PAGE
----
Software Development

Introduction to LINQ to XML

Last year I wrote about the new languages features available in C# 3.0 (Anonymous Types, Extension Methods, Automatic Properties, A start on LINQ, Object Initialisers I, Object Initialisers II, & Object Initialisers III) and since then I’ve really got in to LINQ, especially LINQ to XML. The reason for that is that I hate XPath and I see LINQ to XML as a much easier way of querying XML files without faffing about with terse XPath strings. I would much rather have the ability to easily see what is going on with the query than have to figure out why my XPath isn’t working for me.

However, LINQ to XML is more than just new funky querying mechanisms. There is a whole new set of classes to deal with XML that are much easier and more intuitive than the classes that were provided back with .NET 1.0, in my opinion.

The main two classes in the new way of doing XML are XElement and XAttribute. For example, to create a new element:

XElement root = new XElement("root");

And to add an attribute to that element:

root.Add(new XAttribute(“AttributeName”, “TheValue”));

Which produces the result: <root AttributeName=”TheValue” />

If you look at the intellisense for XElement constructor you’ll see that none of the 5 overloads takes a string. The nearest is an XName. This is because there is an implicit conversion happening between a string and an XName so that creating XElements does not have to be so arduous. It would be quite irritating to have to declare XElement objects like this:

XElement root = new XElement(XName.Get("root"));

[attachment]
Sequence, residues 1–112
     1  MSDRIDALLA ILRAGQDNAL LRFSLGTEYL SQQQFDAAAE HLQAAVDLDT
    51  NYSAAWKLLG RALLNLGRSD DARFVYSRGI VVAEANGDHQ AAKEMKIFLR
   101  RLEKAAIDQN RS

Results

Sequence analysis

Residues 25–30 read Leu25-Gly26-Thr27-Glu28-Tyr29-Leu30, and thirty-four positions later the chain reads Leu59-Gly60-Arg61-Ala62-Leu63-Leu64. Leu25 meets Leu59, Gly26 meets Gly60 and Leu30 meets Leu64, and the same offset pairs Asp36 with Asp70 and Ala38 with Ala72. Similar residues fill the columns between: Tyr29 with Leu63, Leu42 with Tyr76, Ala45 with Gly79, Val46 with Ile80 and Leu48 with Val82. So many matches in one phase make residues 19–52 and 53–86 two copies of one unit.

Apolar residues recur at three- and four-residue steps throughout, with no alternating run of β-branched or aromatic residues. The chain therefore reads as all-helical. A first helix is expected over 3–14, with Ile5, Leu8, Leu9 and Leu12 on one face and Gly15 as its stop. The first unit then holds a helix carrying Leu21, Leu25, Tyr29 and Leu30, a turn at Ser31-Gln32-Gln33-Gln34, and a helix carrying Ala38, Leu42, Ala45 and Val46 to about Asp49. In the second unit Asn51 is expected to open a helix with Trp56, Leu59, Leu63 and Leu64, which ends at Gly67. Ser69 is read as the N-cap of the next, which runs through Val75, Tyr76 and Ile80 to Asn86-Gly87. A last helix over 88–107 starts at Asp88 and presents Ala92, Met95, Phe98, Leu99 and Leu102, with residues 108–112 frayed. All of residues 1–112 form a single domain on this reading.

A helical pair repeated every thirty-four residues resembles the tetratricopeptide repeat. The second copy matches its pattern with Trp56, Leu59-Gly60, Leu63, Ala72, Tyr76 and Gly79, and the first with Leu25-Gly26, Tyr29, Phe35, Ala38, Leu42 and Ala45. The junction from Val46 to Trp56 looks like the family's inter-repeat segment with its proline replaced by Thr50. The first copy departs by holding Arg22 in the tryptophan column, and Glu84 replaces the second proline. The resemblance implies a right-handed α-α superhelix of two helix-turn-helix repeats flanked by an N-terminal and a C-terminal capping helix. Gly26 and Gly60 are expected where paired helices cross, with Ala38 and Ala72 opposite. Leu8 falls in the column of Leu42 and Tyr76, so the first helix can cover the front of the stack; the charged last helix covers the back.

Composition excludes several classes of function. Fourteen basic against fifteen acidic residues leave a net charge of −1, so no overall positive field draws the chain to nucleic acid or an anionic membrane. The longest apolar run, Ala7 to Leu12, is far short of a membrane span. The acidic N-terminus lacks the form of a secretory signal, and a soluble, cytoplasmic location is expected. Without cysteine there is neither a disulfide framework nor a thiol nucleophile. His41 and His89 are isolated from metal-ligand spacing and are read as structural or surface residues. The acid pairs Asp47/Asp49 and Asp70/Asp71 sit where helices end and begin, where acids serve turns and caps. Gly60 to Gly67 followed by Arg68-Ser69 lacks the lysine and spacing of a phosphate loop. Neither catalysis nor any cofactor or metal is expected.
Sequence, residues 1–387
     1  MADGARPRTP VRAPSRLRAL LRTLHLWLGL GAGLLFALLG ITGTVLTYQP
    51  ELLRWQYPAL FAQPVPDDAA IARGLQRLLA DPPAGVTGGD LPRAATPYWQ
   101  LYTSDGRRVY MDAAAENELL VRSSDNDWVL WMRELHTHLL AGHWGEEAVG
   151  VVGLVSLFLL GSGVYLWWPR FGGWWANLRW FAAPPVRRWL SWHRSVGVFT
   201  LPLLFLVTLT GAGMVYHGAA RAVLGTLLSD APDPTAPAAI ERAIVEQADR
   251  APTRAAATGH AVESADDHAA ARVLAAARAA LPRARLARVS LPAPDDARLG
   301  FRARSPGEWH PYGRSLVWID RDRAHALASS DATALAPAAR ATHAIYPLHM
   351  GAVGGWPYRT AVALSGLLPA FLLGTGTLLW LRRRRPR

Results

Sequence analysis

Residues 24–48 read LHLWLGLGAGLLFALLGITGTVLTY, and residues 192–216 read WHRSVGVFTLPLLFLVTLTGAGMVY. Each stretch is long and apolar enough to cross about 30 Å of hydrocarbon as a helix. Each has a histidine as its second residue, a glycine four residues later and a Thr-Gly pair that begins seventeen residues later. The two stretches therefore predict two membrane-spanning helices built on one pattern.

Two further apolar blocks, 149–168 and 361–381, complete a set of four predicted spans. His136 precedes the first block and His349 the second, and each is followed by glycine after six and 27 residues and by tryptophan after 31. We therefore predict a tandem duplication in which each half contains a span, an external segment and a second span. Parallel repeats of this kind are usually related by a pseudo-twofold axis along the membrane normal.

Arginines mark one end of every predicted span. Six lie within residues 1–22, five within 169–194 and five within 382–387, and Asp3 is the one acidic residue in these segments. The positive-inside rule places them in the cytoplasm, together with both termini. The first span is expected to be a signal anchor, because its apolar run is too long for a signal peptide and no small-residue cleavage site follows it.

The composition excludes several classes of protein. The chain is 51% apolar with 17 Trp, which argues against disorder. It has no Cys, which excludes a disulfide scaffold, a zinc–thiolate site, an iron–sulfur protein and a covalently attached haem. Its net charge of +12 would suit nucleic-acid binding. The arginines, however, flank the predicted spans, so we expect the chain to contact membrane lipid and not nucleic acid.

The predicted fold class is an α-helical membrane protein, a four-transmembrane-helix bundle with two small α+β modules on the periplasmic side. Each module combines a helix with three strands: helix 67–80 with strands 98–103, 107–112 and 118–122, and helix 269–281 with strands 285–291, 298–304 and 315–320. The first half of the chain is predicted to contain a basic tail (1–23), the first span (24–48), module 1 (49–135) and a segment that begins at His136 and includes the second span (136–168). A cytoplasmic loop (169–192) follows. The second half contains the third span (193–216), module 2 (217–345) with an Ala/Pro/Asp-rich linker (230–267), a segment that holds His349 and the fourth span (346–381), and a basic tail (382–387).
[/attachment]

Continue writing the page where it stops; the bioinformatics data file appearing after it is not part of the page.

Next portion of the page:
At this point you’ll find that all the VB developers will be gloating because VB9 contains a feature called XML Literals whereby the developer can just write XML directly into the source code file and VB will parse and compile it correctly. An incredibly handy feature I’m sure you’ll agree. But, since I’m a C# developer that’s what I’ll stick with – especially considering that the majority of demos of LINQ to XML I’ve seen are VB based.

If you look closely at XName’s Get method you’ll see that there are two overrides, one for an expanded name, and the other for a local name and a namespace name. The expanded name is just a string of the name with the namespace embedded in the string inside curly braces, like this:

XName.Get("{mynamespace}root");

If you prefer you can use the other overloaded version and provide two strings. The equivalent XName in that case would be created like this:

XName.Get("root", "mynamespace");

Now, you are probably wondering why a static method is being used rather than a constructor. This is because the XML classes are clever enough to reuse existing XName objects. If you create a second XName object with the same characteristics as an existing XName object it will just reuse the existing XName. For example, the following code will output “True” to the console:

XName name1 = XName.Get("{ns}MyName");
XName name2 = XName.Get("MyName", "ns");
Console.WriteLine(object.ReferenceEquals(name1, name2));

XName is immutable (it cannot change) so this is a perfectly acceptable thing to do.

The extended name notation also works if you are using strings while constructing your XElement. For example:

XElement root = new XElement("{mynamespace}root");

However, there is another way of applying namespaces in an XElement. You can use an XNamespace object and add it to the string. Like this:

XNamespace ns = XNamespace.Get("mynamespace");
XElement root = new XElement(ns + "root");

As you can probably tell the + operator has been overloaded so it can be used to add a namespace to a string to produce an XName.

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